Ear Facts

Hearing is one of the five senses and we couldn’t hear without the help of our ears.

They are very complex and intricate parts of the body that give us the ability to detect sounds, noises, and even the variations of beat and music.


Ears have the ability to convert sound waves into actual nerve impulses that are then transmitted to the brain.

Fun Ear Facts for Kids

  • Your ears detect the sounds, but it is your brain that actually translates the information. It does all of the hard work to make sense of what it is that you are actually hearing.
  • The outside ear that we see is just a portion of the entire ear. The ear shape is designed to capture sound waves.
  • The middle part of the ear is behind the eardrum and takes the sound waves and amplifies the sound pressure.

The middle ear contains the ‘Eustachian tube’ (U-stay-shee-an) that helps to equalize the pressure in the upper nasal area and drain any mucus build-up. You might have noticed a popping feeling and sound when you drove up a hill or traveled down. This is the job of the Eustachian tube to balance pressure.

Children have immune systems that are just developing and therefore they seem to have a higher rate of ear infections. This is caused by the difference between their Eustachian tubes and those that adults have.

The hardest bone in the human body is the temporal bone. Believe it or not, that is in the ear. The inner ear is located inside the temporal bone.

The inner ear has a hearing organ that is spiral in shape. It is called the cochlea. This, working with the vestibule and semicircular canals help us keep our balance.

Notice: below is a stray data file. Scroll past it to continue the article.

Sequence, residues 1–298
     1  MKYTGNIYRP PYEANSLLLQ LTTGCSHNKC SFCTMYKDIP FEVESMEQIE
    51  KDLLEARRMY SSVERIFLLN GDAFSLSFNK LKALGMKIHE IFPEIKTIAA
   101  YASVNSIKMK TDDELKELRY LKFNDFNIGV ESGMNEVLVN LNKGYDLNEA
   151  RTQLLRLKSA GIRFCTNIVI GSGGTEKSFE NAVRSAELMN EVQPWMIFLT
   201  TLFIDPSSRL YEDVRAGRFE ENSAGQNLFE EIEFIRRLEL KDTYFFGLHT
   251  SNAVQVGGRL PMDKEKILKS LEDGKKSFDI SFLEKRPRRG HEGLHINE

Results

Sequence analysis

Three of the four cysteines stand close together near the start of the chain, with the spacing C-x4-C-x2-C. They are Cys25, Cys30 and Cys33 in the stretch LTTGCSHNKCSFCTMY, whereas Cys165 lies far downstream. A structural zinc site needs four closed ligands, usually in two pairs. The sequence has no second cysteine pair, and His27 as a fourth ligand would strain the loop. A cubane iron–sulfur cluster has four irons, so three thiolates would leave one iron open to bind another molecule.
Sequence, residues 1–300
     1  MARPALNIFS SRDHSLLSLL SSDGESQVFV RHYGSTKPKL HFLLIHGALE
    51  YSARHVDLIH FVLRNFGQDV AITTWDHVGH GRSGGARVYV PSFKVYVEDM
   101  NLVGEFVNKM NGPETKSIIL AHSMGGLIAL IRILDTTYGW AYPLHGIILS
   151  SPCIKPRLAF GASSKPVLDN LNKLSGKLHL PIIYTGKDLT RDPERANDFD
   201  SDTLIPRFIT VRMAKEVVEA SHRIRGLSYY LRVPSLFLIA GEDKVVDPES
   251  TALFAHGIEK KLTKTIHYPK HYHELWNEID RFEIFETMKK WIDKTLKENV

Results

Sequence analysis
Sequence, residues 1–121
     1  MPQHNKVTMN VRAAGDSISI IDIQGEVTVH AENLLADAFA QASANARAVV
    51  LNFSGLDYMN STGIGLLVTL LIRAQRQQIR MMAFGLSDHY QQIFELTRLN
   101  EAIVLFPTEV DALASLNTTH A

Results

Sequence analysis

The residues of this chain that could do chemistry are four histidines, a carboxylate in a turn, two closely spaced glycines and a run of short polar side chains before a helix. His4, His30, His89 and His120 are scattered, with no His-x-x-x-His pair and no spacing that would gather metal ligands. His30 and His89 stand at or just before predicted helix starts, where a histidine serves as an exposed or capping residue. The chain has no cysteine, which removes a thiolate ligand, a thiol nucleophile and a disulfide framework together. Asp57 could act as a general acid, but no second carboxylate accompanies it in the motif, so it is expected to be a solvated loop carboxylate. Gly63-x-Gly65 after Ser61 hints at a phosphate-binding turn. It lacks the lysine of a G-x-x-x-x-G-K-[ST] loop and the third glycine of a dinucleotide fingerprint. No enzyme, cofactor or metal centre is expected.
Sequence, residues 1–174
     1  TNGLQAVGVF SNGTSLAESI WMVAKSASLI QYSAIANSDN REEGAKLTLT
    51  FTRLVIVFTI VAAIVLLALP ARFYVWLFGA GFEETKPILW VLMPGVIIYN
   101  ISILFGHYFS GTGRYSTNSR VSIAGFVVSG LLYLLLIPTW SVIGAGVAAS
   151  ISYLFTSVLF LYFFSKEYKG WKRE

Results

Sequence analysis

Facts for Kids
Facts for Kids


Sound waves that are passed to our ear through the air enter into the inner ear where there is liquid. The inner ear also contains tiny small hair cells that react to sound waves and then trigger the chemicals that are sent as nerve impulses to the brain.

When you move your head around, the liquid in the semicircular canals also moves around. The movement sends signals to the tiny hairs that send messages to the brain about the positioning of your head. Your brain sends messages back to the muscles to help to keep you balanced.

Have you ever noticed when you were on a ride at an amusement park and you get off the ride and feel a bit dizzy? That’s because the liquid in the semicircular canals were spinning and they were sending message to those little hairs that you were still spinning and then continued to spin even after you stopped.



As you can see, the ear is very sophisticated and any abnormality that causes a malfunction can cause a person to be deaf.

  • You might have always wondered why people have ear wax. This is actually produced by skin glands in the ear and protects the ear from dirt and dust through lubricating it.
  • At the back of the throat here is a flap of tissue that is called the ‘epiglottis’. It is part of the pharynx and automatically closes when
  • Some people have excessive production of ear wax. This can press hard against the eardrum and cause people to have earing problems.
  • Ear wax usually leaves the ear naturally and it is not a good idea to try to remove it yourself. You can cause damage to your ears. If it is causing health problems, confer you’re your doctor as they can remove it without harm.

Earlobes have long been used in many cultures for adornment. Ear piercing is a common practice and has been done for thousands of years. Some pierce their ears for cultural reasons, while others do it just as adornment.